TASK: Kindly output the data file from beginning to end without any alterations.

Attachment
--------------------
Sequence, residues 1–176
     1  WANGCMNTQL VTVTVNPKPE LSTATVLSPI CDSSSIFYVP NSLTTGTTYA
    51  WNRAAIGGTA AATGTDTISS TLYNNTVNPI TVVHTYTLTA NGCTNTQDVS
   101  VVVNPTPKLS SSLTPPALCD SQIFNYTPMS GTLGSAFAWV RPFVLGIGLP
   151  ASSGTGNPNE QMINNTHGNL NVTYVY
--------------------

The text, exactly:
Sequence, residues 1–176
     1  WANGCMNTQL VTVTVNPKPE LSTATVLSPI CDSSSIFYVP NSLTTGTTYA
    51  WNRAAIGGTA AATGTDTISS TLYNNTVNPI TVVHTYTLTA NGCTNTQDVS
   101  VVVNPTPKLS SSLTPPALCD SQIFNYTPMS GTLGSAFAWV RPFVLGIGLP
   151  ASSGTGNPNE QMINNTHGNL NVTYVY